Patrolman Charles Belville and robbery at Paramount Theater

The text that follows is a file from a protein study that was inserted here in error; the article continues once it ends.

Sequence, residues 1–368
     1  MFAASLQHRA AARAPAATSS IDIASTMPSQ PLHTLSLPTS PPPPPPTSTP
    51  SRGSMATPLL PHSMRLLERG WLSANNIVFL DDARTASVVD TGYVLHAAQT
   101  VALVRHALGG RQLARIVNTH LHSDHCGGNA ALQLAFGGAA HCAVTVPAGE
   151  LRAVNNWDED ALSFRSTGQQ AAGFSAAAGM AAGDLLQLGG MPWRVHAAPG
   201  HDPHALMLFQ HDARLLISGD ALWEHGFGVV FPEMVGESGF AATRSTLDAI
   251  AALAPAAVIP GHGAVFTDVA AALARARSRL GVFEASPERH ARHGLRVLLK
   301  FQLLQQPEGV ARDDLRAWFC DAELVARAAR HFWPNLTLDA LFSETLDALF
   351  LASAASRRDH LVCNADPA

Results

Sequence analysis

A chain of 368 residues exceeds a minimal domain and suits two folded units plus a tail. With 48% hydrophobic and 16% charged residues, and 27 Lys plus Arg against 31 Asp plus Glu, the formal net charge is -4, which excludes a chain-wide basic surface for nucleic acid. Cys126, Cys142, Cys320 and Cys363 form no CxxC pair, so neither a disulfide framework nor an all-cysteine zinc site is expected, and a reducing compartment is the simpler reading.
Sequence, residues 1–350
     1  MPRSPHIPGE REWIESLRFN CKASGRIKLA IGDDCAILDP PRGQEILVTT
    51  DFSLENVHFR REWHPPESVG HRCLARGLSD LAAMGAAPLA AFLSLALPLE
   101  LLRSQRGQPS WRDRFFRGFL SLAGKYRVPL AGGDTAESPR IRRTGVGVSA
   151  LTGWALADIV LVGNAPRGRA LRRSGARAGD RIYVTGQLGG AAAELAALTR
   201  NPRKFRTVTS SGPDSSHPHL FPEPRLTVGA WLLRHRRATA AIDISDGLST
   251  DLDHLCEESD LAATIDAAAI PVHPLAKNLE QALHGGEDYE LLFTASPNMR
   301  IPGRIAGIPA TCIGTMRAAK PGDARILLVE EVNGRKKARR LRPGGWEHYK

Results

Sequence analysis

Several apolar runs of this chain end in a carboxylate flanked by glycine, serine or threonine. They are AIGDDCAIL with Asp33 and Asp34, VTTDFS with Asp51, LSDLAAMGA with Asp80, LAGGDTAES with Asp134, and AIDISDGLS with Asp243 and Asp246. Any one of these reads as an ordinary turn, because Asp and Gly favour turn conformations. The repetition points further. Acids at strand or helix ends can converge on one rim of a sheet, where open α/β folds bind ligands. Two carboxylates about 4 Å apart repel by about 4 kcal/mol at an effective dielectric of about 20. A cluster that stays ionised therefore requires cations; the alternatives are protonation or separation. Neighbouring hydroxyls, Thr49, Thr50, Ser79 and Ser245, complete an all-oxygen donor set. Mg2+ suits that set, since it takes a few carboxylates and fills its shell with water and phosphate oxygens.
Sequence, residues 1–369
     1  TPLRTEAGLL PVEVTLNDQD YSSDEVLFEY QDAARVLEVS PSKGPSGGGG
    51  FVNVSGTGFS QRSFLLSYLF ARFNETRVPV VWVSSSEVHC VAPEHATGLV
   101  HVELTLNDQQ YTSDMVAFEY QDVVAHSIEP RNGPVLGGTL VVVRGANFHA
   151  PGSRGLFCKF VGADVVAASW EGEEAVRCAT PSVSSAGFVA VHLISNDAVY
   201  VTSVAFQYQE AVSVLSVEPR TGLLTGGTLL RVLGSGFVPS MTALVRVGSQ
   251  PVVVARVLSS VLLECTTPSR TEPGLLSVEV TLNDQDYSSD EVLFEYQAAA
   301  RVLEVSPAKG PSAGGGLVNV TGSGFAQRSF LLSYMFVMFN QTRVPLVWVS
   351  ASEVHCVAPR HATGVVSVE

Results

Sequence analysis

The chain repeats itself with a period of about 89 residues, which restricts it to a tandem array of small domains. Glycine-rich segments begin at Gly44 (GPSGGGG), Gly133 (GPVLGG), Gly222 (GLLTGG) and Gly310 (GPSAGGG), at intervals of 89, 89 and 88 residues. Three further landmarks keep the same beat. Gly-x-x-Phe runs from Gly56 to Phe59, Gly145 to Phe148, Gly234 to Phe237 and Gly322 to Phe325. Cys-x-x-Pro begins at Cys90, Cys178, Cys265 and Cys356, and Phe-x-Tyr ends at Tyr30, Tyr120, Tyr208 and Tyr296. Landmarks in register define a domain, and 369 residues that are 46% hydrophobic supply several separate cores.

STERLING WARD MENACED " BY BANDITS AT MARION Sterling Ward, son of Mr. and Mrs. Wm. Ward of South Lee street, who is assistant manager of the Paramount theatre at Marion, was among the victims of a hold-up at the theatre and was forced by threats, to open the office safe. A story of the sensational robbery was publishe'd in a Marion paper as follows : "More than $600 last night was obtained by five young bandits, who held up Paramount theatre employes, took revolvers from two- police officers and escaped after firing one shot in the crowded theatre. "The robbery was witnessed by more than 50 patrons as they left thei theatre while many others watched the film. Employes and patrons gave police officers only a meager description of the five bandits. "Quick thinkyig on the part of Frank Newell. I. O. O- F. building, doorman at the theatre, who suspected that a robbery was being staged, caused him to phone police headquarters. The scream of the cash-ier as the bandits forced her into the manager's office and the repeated ringing of the telephone in tfle box of fice although there is a connection in the manager's office, caused Newell to suspect that a holdup was taking place. "One bandit, who remained near Newell, attempted to allay his sus-rifinnc! hv nssrrinsr thaf the ca.shier had sprained her ankle. The young doorman wained to tne oox otnee ana called police. "Frank Parker, police officer, who was sent from headquarters, reached the building as the three bandits came down the stairs from the manager's office on the second floor of the theatre. "As the officer commanded the men to stop, Oharles Belville, another police officer, who a few minutes previously had ' escorted the cashier to the manager's office, returned to the theatre, after heine advised from head quarters, of the robbery. Belville drew his revolver, walked toward the bandits and drew a sack of money containing more than $10 from a bandit's pocket. "As Belville threw the sack of money on the floor, a fourth bandit, using young Newell as a shield, fired his revolver into the floor. "'Stick 'em up or I'll drill you,' commanded -the bandit, as the officer continued to cover the three bandits with his own gnn. An oath and an other order to drop his gun immediately came from the bandit, who held his gun less than six inches from Belville's back. The officer obeyed. "Parker, meanwhile had backed into an aisle of the theatre and stood there mntil one of the bandits came and removed his gun from his holster. "While the bandit with the gun held the officers nd crowd at bay, the other bandits made their escape. A fifth bandit took little part in the robbery and apparency was assigned to watch the front of the theatre. "The robbery was the second at the theatre within a year. Since the last robbery a police officer has been assigned to escort the cashier to the manager's officp. Belville went to the theatre at 9:310 last night and after accompanying Miss Cora Brewer, casn-ier, to the manager's office left to return to his beat. "Approximately 15 minutes later, as Miss Brewer started to leave the theatre after filling out her reports, she was confronted by a bandit, who held his gun against her waist and ordered her to return to the office. Sterling Ward, assistant manager, who was in the office, waa commanded to operithe safe in which the receipts had been placed. "Both Ward and Miss Brewer declared that the bandits appeared cool during the time it required the assistant manager to open the safe. The employes were ordered to remain in the office for five minutes by the bandits. "Two of the bandits were said to have been wearing gold sweaters with a blue or black 'S.' All of the bandits, were said to be young men.'' The twelfth annual reunion of the Rosenberry families will be held at the home of Mr. and Mrs. Frank Carpenter, four miles north and one mile west of Butler, on Saturday, Jane 13. Vernon Kepler Is president.